I have to be honest. When I talk about the acquisitions happening in the food industry, deals like General Mills acquiring Annie’s for about $800 million and Hormel acquiring Applegate for almost the same number, I cite an example of what not to do with an acquisition: what happened when Kellogg’s acquired Kashi.
Kellogg’s changed the brand. They changed the ingredients. They lost consumers.
No one wants to get Kashi’d.
It had been one of my favorite cereals prior to the acquisition, so like other consumers, there was some sentiment in it.
So when the Kashi team reached out and said they had something exciting to share, I responded. “Sounds great. Should we set up a call?”
“We’ve been following your work for years,” they said. “And last year, when you were making the point in your speeches and articles that less than 1% of all U.S. farmland is organic, how crazy that is, the bottleneck it creates, especially when the organic industry is growing at 14%, we knew we had to reach out. You said it makes it hard for food companies who want to grow that part of their portfolio.”
It does, I thought. The cost-benefit analysis is tough. The supply chain is too tight, driving prices too high.
And I listened to the women inside of Kashi, managing their supply chain and their organic initiatives, talk about a new program they wanted to launch. And again, I thought about how courage is contagious and about the importance of the work being done by parents inside of these companies who see what is happening to the health of our families and know it is real.
The Kashi team went on, “We are launching an initiative focused on expanding that 1%.”
I honestly could not be more thrilled with the companies doing this, I thought. Organic Valley, the first $1 billion organic brand, is doing it. General Mils is doing it. Costco’s CEO just told his shareholders and investors that the team is now working directly with farmers to help them finance the transition.
Kroger launched their Simple Truth organic and free-from product line in 2012, and it grew to $1 billion in revenue in a two year period.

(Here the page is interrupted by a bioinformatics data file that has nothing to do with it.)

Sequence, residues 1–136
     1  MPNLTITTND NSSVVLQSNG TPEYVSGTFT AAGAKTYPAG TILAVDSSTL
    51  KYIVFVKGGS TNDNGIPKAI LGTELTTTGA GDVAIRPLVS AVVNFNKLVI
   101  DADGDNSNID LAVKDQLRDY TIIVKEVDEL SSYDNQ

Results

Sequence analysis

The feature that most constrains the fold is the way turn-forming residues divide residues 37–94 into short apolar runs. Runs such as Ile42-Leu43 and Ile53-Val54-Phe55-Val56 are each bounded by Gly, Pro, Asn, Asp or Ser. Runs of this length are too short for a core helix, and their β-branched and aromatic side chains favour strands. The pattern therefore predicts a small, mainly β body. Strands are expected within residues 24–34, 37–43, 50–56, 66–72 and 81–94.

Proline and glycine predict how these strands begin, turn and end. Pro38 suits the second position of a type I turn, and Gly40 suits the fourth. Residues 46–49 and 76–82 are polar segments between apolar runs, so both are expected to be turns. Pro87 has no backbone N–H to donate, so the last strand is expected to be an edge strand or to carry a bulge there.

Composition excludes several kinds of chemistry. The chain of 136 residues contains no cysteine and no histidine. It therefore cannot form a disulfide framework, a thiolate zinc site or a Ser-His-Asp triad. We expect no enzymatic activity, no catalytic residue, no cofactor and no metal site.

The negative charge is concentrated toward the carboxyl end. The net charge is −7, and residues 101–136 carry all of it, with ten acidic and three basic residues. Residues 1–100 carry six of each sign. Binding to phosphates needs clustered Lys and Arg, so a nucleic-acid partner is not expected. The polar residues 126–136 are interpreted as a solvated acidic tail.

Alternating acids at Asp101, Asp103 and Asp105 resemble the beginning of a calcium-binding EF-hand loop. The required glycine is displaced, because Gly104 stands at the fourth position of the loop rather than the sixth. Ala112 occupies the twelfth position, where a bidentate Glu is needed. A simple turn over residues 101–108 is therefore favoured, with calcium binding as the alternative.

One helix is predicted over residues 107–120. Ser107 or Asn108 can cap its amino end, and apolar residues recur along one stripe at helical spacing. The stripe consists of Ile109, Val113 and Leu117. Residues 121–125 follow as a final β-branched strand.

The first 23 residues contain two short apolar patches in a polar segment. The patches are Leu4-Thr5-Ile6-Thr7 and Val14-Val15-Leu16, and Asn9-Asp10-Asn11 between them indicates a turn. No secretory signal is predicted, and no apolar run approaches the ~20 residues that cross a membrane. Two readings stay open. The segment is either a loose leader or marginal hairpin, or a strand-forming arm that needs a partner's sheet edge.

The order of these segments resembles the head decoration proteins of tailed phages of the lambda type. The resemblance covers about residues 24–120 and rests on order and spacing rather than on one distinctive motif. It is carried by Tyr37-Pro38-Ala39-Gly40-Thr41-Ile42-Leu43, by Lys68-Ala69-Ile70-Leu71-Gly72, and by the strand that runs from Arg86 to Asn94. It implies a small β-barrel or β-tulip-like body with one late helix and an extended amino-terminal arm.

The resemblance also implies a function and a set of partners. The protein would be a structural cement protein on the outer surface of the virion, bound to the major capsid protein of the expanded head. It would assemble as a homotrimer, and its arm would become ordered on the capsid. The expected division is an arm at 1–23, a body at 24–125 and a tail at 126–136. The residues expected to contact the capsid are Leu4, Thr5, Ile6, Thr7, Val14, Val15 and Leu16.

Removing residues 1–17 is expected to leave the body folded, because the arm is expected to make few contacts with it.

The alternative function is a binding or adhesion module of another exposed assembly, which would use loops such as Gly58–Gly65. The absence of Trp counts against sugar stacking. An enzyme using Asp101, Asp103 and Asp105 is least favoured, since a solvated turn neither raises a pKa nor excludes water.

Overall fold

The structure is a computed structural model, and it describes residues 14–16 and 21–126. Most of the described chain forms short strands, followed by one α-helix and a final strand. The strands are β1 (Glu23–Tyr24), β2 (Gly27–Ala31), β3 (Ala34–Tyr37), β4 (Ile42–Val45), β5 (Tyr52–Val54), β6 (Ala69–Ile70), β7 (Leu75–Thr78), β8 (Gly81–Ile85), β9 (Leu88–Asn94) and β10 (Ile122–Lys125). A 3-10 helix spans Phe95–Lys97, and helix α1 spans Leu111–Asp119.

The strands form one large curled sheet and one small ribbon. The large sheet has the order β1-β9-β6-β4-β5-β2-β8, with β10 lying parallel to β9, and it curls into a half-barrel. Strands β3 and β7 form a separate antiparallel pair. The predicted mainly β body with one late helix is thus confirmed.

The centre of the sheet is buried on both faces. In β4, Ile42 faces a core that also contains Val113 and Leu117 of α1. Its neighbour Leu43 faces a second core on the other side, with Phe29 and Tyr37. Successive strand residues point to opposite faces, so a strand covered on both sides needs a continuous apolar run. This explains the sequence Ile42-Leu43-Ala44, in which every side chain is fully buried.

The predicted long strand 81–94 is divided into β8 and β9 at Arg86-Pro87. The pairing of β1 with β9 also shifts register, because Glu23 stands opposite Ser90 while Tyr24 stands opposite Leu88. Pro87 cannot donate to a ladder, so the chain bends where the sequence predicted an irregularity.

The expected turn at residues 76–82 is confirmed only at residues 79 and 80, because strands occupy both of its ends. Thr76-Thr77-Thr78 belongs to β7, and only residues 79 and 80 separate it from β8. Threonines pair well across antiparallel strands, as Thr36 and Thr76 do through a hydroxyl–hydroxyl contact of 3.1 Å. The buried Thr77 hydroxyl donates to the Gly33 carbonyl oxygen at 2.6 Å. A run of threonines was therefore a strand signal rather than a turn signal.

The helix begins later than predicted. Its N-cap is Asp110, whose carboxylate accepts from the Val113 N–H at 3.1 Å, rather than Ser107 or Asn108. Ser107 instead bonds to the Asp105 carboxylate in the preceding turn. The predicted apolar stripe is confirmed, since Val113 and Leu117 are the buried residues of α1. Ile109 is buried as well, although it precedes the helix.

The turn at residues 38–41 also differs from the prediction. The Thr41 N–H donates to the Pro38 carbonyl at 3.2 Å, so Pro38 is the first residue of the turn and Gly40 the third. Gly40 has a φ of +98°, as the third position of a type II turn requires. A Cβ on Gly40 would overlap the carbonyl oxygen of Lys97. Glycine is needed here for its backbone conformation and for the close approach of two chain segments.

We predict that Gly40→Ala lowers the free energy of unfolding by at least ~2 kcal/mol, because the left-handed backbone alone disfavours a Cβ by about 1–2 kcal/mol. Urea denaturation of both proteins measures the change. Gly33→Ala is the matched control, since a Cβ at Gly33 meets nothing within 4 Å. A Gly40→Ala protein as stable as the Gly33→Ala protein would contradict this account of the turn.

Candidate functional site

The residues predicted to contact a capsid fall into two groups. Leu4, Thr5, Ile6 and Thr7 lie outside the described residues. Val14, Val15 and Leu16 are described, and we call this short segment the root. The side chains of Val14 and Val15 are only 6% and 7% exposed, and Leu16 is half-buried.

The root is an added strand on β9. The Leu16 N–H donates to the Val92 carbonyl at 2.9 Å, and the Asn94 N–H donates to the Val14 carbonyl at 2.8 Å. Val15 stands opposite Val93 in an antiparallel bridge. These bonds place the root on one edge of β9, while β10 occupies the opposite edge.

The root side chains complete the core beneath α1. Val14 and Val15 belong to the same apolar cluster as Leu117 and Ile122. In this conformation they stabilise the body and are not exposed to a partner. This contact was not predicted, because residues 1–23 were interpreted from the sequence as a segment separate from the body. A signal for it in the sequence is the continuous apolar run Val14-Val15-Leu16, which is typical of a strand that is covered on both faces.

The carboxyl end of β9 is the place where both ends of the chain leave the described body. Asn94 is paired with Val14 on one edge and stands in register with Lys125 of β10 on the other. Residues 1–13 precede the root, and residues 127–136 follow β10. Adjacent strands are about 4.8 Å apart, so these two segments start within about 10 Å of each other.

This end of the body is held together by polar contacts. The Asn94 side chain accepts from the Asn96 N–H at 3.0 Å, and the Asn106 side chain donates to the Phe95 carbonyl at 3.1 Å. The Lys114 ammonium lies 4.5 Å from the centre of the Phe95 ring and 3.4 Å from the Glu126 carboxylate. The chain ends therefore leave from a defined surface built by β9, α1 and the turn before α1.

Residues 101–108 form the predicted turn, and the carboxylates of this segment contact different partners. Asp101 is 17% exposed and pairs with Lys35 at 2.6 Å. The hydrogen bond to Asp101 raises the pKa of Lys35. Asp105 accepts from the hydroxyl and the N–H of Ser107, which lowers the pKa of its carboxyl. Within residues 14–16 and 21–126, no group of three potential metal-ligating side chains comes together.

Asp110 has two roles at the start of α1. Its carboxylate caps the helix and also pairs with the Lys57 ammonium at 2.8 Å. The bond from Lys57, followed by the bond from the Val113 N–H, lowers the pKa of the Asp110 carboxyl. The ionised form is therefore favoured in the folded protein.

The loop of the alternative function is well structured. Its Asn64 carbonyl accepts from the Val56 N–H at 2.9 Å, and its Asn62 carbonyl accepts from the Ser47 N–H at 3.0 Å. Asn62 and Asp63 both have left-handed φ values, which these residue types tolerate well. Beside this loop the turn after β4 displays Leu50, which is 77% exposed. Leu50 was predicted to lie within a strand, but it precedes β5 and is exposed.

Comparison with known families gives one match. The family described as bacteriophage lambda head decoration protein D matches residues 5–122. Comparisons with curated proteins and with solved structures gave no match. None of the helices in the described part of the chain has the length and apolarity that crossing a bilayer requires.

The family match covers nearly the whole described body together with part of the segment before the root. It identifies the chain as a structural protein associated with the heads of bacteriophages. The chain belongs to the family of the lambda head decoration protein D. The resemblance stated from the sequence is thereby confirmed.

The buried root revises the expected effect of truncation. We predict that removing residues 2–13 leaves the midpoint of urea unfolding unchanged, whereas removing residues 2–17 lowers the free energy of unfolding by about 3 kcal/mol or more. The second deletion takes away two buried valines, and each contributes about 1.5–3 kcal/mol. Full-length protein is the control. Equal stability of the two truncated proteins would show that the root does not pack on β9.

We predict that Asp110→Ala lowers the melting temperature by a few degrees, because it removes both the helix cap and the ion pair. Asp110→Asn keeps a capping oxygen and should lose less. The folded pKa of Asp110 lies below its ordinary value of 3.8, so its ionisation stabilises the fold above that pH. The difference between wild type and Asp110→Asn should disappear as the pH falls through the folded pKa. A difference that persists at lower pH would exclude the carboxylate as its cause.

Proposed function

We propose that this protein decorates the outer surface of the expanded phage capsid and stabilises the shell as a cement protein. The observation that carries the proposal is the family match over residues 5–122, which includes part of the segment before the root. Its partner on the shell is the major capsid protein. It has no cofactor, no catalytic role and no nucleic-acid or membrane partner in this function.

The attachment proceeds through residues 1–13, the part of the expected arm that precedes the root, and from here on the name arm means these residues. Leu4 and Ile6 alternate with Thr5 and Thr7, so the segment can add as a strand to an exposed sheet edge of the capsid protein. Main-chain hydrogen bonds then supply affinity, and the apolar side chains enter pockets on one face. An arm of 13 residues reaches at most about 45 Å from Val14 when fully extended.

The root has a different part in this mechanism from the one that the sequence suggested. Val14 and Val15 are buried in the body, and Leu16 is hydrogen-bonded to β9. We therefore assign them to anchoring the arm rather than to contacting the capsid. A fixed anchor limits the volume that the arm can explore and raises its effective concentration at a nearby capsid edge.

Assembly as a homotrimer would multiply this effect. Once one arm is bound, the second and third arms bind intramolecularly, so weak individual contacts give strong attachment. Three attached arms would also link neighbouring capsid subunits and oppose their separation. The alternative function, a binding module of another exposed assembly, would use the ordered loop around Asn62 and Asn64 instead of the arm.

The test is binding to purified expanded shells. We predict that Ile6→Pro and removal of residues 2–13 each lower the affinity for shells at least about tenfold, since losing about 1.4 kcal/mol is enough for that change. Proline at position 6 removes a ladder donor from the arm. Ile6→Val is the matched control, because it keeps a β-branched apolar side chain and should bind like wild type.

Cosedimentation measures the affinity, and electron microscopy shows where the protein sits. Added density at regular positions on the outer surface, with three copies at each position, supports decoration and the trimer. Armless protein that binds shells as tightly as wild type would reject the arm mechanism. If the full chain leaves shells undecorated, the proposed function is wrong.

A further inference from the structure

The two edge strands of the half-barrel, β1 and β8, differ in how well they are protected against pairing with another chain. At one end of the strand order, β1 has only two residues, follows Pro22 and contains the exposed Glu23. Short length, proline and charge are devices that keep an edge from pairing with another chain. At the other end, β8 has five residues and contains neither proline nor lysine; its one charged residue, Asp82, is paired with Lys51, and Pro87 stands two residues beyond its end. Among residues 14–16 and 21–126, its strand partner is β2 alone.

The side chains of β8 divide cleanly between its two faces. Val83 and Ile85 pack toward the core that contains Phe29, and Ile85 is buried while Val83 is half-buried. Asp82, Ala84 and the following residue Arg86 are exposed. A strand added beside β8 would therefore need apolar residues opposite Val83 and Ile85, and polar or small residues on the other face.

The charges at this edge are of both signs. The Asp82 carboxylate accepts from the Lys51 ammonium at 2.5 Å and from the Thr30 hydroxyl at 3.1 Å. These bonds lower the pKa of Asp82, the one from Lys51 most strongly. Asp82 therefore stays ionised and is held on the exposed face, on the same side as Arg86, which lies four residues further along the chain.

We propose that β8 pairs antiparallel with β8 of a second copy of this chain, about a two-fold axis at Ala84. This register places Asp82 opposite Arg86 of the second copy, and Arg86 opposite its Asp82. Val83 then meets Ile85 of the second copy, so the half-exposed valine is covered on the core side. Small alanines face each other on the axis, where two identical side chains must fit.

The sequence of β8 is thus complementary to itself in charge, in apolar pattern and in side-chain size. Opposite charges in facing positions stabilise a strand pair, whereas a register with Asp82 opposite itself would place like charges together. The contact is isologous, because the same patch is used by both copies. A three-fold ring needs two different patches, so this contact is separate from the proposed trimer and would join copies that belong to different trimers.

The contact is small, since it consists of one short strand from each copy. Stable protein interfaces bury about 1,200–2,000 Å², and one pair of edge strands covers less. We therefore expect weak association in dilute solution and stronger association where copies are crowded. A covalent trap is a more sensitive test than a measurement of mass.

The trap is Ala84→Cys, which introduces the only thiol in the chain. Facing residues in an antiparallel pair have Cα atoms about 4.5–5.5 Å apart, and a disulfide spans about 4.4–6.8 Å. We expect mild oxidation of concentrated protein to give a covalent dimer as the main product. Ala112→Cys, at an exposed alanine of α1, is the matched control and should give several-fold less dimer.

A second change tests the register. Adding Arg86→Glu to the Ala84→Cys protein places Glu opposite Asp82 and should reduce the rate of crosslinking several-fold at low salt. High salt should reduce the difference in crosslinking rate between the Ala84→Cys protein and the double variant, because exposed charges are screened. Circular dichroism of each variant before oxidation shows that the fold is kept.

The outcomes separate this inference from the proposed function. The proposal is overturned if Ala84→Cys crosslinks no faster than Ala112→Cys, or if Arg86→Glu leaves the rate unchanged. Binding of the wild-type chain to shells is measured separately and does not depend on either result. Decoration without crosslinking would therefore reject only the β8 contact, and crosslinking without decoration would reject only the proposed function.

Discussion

Since 2003, Clif Bar has used some 637 million pounds of organic ingredients. After achieving an initial target of 70 percent organic ingredients, the company today uses 120 organic ingredients in 16 out of its 18 total product lines.
Why? Because 21st century consumers are looking for it everywhere—in Wal Mart, Sams, Costco, Safeway and Kroger.
And because the government isn’t focused on changing their operating system which is genetically engineered and chemically intensive. At the federal level, our taxpayer dollars support agchem’s chemically intensive operating system of GMOs, Roundup Ready crop and the Roundup, pesticides, weedkillers. Organic farmers in the U.S. are charged fees to label their crops, then fees to prove they are safe.
So the change is happening in the marketplace.
But if we had a choice with how our dollars are being spent, which would we choose? To make the chemically intensive operating system cheaper or would we choose to make organic the more affordable option to all?
At the government level, we don’t have that choice, but we do in the marketplace, and Kellogg’s is now joining corporations changing the game.
When I asked the Kashi team if the government was moving on this, they said, “This isn’t on the Government radar—yet. (No surprise, I thought. The FDA head is Michael Taylor, a former Monsanto employee, and the USDA head is Tom Vilsack, voted biotech governor of the year.)
Kashi’s team went on, “The Organic Trade Association has a task force and is planning to take it to the USDA later this year . We have looked at their approach and we have shared our protocol with them as part of the consultation process. Both are similar so we are confident we can get to a unifying certification in the future. We deliberately partnered QAI (Quality Assurance International—QAI is a USDA-accredited certifying agency (ACA), approved to provide organic certification in accordance with the USDA’s National Organic Program) to develop the standard because they are the USDA leading organic certification body so we knew we would follow the NOP guidelines.
I so appreciate the OTA’s leadership, so I asked how the two may be different, and the Kashi team shared, “The only difference we see with the OTA protocol and ours is that theirs is focused at the farm level whereas ours goes all the way through the supply chain to consumers. We think consumers have an active role in changing the 1% stat.”
As of 2014, there were 14,093 certified and exempt organic farms in the United States, with annual sales totaling $5.5 billion—a 72 percent increase since 2008, according to USDA data.
Consumers have a huge role in that stat. We have driven the growth of organic to 14% and pushed companies like Costco, Wal Mart, General Mills, Annie’s, Stonyfield, Nature’s Path and so many more to invest in organic farmland.
Why? Because 78% of all Americans are already purchasing at least some organic food, and Kashi is now calling on that consumer power and inviting other companies and brands to help build the supply chain that we need here in America to support it.
It takes three years to convert farmland from the current genetically engineered, chemically intensive operating system to organic. Kashi wants to play a leading role in that, to help U.S. farmers convert their farmland. They are building a marketplace for those products.
So take a look at what Kashi has proposed. Share your thoughts.
If we are going to change the food system, we need to rethink food and the economics of the supply chain.